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Emily Jacob 2017-06-17T18:33:46+00:00

Project Description

About Emily

I’m Emily, a Rockstar, and I’m on a mission to support survivors in living more than a half-life, coping one day at a time, and to live instead a full and whole ReConnected Life. I have used my experience and the skills I developed in my recovery to create a pathway to living reconnected that goes beyond merely managing our symptoms from the trauma. I am on a mission to challenge and change the untrue myths that say we will be forever broken and to address trauma recovery from a whole-person holistic perspective. I’m also on a mission to end rape culture, and to speak up for survivors every opportunity I get, so you can often find me writing or speaking in the public sphere to break the silence and change the world. I’m a coach, an NLP master practitioner, an author, a blogger, a speaker, a community leader, a survivor: I’m a Rockstar.

 

My Story

Back in 2008 I was 34, newly divorced after ten years of marriage, and back on the dating scene. I had been out on only a handful of dates before I went out on this date. We’d spoken on the phone, I’d thought I’d checked him out. He seemed personable and I remember being quite excited about meeting him. We went to a restaurant, we had a cocktail each to calm the nerves, and then because it was a Polish restaurant, we ordered vodka with our meal.

I remember telling him between the starter and the main course, over a cigarette outside, that I was having a good time, but I didn’t see this going further.

I didn’t know that for a certain type of man, that could be a red rag to a bull.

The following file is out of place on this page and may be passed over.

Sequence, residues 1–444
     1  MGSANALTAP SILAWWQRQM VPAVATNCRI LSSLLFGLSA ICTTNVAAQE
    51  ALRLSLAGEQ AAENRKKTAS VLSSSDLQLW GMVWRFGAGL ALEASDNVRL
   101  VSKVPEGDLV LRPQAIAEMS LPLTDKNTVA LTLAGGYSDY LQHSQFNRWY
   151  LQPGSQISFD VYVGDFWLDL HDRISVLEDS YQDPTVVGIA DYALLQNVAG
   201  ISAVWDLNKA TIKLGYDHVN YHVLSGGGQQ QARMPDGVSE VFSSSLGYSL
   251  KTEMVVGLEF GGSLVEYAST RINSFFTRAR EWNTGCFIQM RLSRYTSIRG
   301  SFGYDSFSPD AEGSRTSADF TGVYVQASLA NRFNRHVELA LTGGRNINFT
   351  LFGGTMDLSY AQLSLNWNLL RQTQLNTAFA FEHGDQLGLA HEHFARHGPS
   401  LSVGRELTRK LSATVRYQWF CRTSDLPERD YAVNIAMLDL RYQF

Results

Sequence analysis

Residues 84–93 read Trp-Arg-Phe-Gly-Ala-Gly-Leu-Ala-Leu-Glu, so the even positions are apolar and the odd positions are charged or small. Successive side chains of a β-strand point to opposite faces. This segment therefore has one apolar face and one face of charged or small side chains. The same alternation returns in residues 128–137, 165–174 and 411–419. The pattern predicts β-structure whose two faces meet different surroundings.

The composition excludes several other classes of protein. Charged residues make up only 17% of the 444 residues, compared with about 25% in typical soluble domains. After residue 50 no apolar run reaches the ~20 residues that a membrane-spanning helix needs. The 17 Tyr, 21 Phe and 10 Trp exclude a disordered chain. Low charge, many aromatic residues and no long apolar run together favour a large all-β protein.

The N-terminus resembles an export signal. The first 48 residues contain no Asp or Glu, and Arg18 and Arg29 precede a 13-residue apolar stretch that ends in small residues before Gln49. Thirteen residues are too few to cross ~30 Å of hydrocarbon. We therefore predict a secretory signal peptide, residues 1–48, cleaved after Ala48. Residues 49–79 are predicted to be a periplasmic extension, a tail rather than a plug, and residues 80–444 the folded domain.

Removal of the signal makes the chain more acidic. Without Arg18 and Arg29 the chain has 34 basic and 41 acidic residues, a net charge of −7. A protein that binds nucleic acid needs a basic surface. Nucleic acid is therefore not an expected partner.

I don’t remember anything after that cigarette break. I don’t remember getting home. The police later told me that according to the restaurant bill, if I had even only drunk half of the vodka that was billed, I would have been several times over the legal driving limit.

At some point, I came to and he was in me. I didn’t say no, and I didn’t say get off. I said, you’re not wearing a condom. It’s strange how the brain works.

I slipped in and out of consciousness. At one point I must’ve been fighting him, because later with my psychiatrist I remembered the moment I thought I would die, facedown into the mattress, his hand on my neck. That’s when I froze. I remember that paralysis. Eventually I submitted.

It was violent. He used kitchen implements. He used the attachment that the coffee grounds were kept in. I’m kinky, and he used a cane that had been left out. Nine years later, I can still see where my skin broke on my thighs from the bruising and the welts that were left.

Before he left, he made me make him a drink, and he put the ice inside me. My psychiatrist said that was a popular MO, to reduce the bruising.

The next day, he sent me a text. He called me a young lady, said he’d had a lovely time, could we do it again.

Apparently, that was meant to confuse me, and to confuse the authorities if I reported. Which I did, about a month later. It went nowhere, the CPS (Crown Prosecution Service) decided not to prosecute. Two years afterwards I found out their reasons: I’d waited a month (most rapes aren’t reported immediately), I’d been drinking (which should have been proof by itself of non-consent as legally I cannot consent if drunk), and he offered into evidence photographs which apparently showed me consenting (how does a photograph do that? I didn’t have even a clear recollection of photographs being taken, although I had said in my statement I thought it might have happened).

The inability to get justice afterwards kicked me in the teeth. Two years later when I found out why, I was kicked down again.

My Healing Journey

I did the things you’re supposed to do. I went to victim support. I went to the Havens. I went to the Women & Girls network. I got some one to one counselling, I graduated to the group therapy programme.

I thought I was better, because I’d taken my medicine. I wasn’t better. I was still numbing every emotion, through every conceivable way. Food, cigarettes, alcohol, drugs, prescription and otherwise. Cutting. I became a workaholic, working 12-14 hour days 7 days a week.

I had a meltdown, a breakdown, with hindsight it was maybe a breakthrough. The medicine was prescribed again: one to one counselling, group therapy. I then also had psychiatric help for about 18 months, which incorporated many modalities including EMDR. I thought it had saved my life.

Except it hadn’t. Because after, when I was discharged, and told I wasn’t mental anymore, I still didn’t have a clue how to be in this world, this world that had betrayed me so badly.